Residents of the area of Gorlice have known petroleum since time immemorial. This is proved by the ancient names of many nearby places and rivers still used today: Ropa, Ropica or Ropki (with the stem “ropa”, meaning “oil, petroleum”). According to the legend, King Władysław the Elbow-high already knew about the flammable properties of petroleum, because he ordered lanterns to be lit with “rock oil”...
The Lajkonik (a person dressed as a Tatar riding a hobbyhorse), formerly known as the Zwierzyniec Horse, appears on one day of the year on the streets of Kraków together with its whole entourage and the Mlaskot band (which owes its name to the shrill sound of the music it plays), on the octave of the Feast of Corpus Christi.
Photomontage: a white plane of the Main Market Square, the Adam Mickiewicz Monument, the Cloth Hall, outlines of the Wawel Castle and churches — all made of black paper columns with white letters overprinted. What draws our attention is the calendar page dated “March 8, International Women’s Day.”
One of the legends of the town of Olkusz, passed down by generations, tells the story of the silver mines, to which the town owed its prosperity. One day, the devil decided to fill up the excavations that were so valuable for the inhabitants of the region.
With the first wave of Buddhism that swept the entire archipelago, a Hindu bodhisattva arrived in Japan: Avalokiteshvara. In India, he was considered the spiritual son of Buddha Amitabha (in Japanese – Amida), and also the “ocean of compassion” as well as the embodiment of Mahayana virtues.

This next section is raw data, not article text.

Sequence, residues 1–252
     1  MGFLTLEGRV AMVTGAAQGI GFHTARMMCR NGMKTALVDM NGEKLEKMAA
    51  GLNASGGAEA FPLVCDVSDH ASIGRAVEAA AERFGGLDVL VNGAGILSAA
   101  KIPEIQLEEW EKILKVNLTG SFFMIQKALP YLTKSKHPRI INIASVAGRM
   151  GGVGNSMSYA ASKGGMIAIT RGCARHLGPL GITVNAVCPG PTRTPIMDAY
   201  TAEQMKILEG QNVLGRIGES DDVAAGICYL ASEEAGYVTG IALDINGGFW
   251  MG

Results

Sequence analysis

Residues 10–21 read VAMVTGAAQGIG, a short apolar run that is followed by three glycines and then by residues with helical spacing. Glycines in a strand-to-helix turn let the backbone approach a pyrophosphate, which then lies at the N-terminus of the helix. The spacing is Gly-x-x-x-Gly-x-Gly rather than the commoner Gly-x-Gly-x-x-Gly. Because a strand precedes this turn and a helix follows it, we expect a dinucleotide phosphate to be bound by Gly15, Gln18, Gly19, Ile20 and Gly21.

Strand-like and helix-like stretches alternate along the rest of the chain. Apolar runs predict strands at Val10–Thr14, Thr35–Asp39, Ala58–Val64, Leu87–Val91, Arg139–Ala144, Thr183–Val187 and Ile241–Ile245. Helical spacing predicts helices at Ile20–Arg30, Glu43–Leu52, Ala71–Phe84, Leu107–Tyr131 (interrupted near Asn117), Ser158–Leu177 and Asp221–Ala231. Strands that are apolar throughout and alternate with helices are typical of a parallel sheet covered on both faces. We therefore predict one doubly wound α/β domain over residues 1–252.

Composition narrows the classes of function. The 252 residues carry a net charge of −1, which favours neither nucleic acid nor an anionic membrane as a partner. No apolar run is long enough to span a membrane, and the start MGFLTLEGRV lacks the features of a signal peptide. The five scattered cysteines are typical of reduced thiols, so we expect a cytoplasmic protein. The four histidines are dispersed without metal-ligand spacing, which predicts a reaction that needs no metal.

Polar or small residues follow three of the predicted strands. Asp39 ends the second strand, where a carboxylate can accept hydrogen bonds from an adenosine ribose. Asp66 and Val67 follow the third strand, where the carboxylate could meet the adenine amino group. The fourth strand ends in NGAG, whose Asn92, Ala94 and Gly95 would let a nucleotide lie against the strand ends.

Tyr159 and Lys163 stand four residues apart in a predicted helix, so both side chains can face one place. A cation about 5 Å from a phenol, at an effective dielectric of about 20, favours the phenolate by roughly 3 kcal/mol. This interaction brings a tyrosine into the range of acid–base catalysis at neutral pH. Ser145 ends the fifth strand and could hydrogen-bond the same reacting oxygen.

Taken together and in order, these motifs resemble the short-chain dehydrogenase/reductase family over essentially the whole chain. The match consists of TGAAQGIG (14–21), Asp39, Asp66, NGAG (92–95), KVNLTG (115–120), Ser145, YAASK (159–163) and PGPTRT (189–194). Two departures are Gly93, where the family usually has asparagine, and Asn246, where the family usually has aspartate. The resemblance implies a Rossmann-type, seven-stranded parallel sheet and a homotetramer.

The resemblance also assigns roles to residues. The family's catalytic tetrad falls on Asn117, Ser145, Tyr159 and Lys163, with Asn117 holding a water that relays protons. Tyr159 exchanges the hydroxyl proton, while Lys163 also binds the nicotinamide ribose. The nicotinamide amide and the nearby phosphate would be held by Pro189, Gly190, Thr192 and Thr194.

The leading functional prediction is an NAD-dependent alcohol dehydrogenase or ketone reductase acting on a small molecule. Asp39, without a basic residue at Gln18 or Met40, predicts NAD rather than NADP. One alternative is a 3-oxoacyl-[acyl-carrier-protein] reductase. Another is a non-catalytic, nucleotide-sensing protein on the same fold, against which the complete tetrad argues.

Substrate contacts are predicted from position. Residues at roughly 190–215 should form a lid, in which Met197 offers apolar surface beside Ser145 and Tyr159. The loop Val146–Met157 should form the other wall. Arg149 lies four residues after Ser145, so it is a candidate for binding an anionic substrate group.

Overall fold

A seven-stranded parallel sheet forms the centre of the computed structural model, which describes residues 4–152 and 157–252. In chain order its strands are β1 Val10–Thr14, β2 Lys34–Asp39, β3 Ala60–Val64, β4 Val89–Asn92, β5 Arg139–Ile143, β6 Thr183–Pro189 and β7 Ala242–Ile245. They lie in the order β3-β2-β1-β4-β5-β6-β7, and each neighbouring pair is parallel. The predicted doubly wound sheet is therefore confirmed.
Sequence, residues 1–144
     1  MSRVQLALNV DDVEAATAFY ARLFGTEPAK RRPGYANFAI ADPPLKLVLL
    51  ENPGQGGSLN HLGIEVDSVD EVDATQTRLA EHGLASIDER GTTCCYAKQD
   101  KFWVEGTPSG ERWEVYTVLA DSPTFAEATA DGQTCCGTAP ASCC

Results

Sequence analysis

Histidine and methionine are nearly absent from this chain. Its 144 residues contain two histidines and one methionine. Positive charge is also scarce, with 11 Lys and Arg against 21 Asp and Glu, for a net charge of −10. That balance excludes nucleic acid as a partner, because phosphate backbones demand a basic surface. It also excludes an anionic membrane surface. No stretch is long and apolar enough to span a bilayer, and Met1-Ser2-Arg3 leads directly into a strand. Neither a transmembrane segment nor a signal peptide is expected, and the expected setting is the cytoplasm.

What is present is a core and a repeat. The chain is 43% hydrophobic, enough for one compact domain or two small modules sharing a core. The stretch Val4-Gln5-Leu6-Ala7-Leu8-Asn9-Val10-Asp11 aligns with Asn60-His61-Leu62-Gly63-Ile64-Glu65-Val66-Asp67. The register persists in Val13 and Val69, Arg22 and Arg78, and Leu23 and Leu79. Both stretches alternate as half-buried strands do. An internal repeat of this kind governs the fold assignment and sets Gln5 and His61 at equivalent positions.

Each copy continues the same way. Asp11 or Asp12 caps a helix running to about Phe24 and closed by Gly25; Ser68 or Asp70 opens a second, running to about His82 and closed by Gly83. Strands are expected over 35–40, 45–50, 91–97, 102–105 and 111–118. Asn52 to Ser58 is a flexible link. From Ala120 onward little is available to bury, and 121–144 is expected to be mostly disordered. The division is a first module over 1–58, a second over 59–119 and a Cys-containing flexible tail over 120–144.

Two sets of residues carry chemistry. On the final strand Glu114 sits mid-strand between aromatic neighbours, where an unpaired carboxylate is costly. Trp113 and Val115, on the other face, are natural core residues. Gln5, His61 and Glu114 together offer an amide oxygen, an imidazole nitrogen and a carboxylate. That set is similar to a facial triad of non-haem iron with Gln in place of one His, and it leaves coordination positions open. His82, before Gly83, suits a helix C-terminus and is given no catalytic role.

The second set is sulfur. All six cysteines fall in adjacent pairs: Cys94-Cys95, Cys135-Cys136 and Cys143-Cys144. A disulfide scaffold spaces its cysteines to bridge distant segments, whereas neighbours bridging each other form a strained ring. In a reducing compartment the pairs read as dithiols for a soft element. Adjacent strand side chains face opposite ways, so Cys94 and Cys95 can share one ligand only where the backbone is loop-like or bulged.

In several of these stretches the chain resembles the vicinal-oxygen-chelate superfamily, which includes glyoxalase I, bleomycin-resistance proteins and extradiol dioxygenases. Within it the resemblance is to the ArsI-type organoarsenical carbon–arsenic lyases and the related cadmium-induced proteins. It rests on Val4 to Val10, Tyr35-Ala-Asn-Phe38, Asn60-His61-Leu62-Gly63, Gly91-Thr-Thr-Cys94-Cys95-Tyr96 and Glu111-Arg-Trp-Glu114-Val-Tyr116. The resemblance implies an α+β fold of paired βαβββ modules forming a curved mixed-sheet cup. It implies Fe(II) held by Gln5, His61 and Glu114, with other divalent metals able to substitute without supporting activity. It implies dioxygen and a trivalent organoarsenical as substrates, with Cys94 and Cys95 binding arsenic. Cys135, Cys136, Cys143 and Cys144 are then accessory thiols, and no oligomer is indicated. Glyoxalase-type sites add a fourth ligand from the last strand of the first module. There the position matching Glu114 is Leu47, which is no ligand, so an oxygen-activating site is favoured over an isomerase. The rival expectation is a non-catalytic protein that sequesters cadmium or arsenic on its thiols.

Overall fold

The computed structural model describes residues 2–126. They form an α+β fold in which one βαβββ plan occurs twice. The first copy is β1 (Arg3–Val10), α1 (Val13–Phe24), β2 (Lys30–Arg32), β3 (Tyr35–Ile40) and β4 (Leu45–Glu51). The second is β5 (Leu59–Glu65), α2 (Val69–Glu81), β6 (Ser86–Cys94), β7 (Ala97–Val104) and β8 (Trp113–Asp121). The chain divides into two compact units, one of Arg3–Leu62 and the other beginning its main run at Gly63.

The evolution of iconography, from the instilling of an idea, its crystallisation in worship, to its materialisation in art is a long and complicated process. The example of the Protection of the Mother of God shows how creativity could develop a theme based on one idea; the idea in which the East and the West found a common source, and through the interpretation of which their paths diverged with time.
Glass of milky and pink colours, on a small base of a jug-like shape, decorated with a painted hunting scene of the legend of Saint Hubertus.
The costume of Lajkonik, also called the Zwierzyniec Horse, designed by Stanisław Wyspiański in 1904, could be seen in the streets of Kraków until 1963. The costume used today during the annual frolics of Lajkonik is a faithful copy of the displayed exhibit. Although legend associates the origins of Lajkonik celebrations with the Tatar invasions of Kraków in the 13th century, the first ever source reference to it dates back to 1738.